1.625$.
The pool's volume will be the difference between the volume of the right
cylinder having radius x meters and the volume of the right
cylinder having radius $\sqrt x$ meters. The volume of any right
cylinder is $\left(\text{Area of base} \cdot \text{Height}\right)$.
Therefore, the pool's volume at each moment in time that it expands is
given by the function V, defined as
$$\begin{align}
V(t)&=0.5\left(\text{Floor area enclosed by outer wall}\text{Floor
area enclosed by inner wall}\right)\\[1ex]
&=0.5\left( \pi \cdot
x(t)^2\pi\cdot\left(\sqrt{x(t)}\right)^2\right)\\[1ex]
&=0.5\pi\left(x(t)^2x(t)\right), 0 \le t \le 1.625\end{align}$$
The pool's rate of change of volume with respect to time at values of t
from 0 to 1.625 minutes will therefore be
$$\begin{align}
V'(t)&=0.5\pi\left(2x(t)x'(t)x'(t)\right)\\[1ex]
&=0.5\pi\left(2x(t)(0.8)0.8\right)\\[1ex]
&=0.5\pi(0.8)\left(2x(t)1\right)\\[1ex]
&=0.5 \pi (0.8)\left(2(1.2+0.8t)1\right)\\[1ex]
&=\pi (0.64t+0.56)\end{align}$$
So, t minutes after the outer wall begins to expand, the pump
must put water into the pool at the rate of $V'(t)=\pi(0.64t+0.56)$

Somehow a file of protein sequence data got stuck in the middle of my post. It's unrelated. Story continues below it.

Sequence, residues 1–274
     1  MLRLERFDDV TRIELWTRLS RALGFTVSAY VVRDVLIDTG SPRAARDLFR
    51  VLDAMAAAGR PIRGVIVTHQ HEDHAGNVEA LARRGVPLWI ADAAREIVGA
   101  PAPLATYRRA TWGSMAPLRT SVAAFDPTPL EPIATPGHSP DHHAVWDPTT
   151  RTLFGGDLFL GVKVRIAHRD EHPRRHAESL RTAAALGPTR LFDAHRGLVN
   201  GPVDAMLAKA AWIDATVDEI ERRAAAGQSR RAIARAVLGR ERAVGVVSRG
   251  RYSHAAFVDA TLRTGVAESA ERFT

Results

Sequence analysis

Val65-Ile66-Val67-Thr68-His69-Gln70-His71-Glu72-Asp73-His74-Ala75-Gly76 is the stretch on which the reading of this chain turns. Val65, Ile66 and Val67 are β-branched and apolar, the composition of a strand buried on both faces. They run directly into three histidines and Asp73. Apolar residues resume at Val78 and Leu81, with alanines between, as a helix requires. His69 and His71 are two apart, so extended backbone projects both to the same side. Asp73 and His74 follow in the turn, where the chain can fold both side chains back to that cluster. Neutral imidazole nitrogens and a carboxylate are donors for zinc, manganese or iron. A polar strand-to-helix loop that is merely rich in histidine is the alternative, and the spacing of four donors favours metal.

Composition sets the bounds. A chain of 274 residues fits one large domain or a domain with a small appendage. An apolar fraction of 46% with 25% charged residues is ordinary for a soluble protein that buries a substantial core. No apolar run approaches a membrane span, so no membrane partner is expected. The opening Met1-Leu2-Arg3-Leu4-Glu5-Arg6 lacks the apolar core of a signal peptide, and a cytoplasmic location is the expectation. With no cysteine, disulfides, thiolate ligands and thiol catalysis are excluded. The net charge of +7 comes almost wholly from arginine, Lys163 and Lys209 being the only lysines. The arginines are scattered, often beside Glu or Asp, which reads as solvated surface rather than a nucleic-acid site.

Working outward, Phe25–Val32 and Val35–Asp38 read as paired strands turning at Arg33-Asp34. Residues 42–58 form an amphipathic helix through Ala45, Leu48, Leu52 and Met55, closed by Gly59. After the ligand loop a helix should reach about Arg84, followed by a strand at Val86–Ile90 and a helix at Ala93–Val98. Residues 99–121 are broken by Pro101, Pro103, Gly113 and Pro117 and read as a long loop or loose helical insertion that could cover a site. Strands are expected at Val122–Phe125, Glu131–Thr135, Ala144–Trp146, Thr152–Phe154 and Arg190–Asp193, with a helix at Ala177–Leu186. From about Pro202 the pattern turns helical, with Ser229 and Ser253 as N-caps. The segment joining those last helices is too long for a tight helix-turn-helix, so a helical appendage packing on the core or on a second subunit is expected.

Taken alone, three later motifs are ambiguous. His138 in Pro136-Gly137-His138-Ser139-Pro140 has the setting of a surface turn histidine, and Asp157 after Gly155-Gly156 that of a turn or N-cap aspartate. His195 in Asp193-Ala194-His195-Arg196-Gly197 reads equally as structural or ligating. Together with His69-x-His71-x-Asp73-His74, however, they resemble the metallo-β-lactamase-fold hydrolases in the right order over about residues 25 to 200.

$\mathrm{m^3/min}$ in order that the pool remain completely full at each
moment that it expands.
Exercise Set 7.4

Produce a complete solution to Example 2. The solution that was
developed in the example addressed only the phase where the outer wall
expands. Derive a rate of change function $r_V$ that will have water
pumped at the correct rate throughout 24 hours of operation. Take into
consideration that the outer wall will remain stationary for 0.5
minutes after expanding and for 0.5 minutes after contracting.

The diagram below shows a kite 100 ft above the ground moving
horizontally away from you at a rate of 8 feet per second. The kite’s
height does not change. The string between you and the kite plays out
as the kite moves away from you.
 Let the function L give the string's length as a
function of the number of seconds since the kite was over you
vertically. Use the Pythagorean Theorem to derive $r_L$, the
function that gives the rate of change of the string's length with
respect to time.
 At what rate is the string unraveling after 20 seconds have
elapsed since it was directly above you?

At what rate is the string unraveling with with respect to the
kite's horizontal distance between it and you?

Amalia, an officer of the Arizona Highway Patrol, wants to park her
car 150 feet from a highway so that motorists will not see it while
approaching. However, this creates a problem. Her radar gun registers
the speed at which a car is approaching the officer's location, which
in Amalia's case will not be the speed that the car is traveling along
the highway.
What Amalia needs is a function that she can put into her laptop so
that when she enters the car's speed according to the radar gun it
will give her the car's actual speed along the highway. Amalia will
aim her gun at a point 400 feet up the highway, measured from the
point on the highway that is aligned perpendicularly with her car.
Provide Amalia with the function that she needs.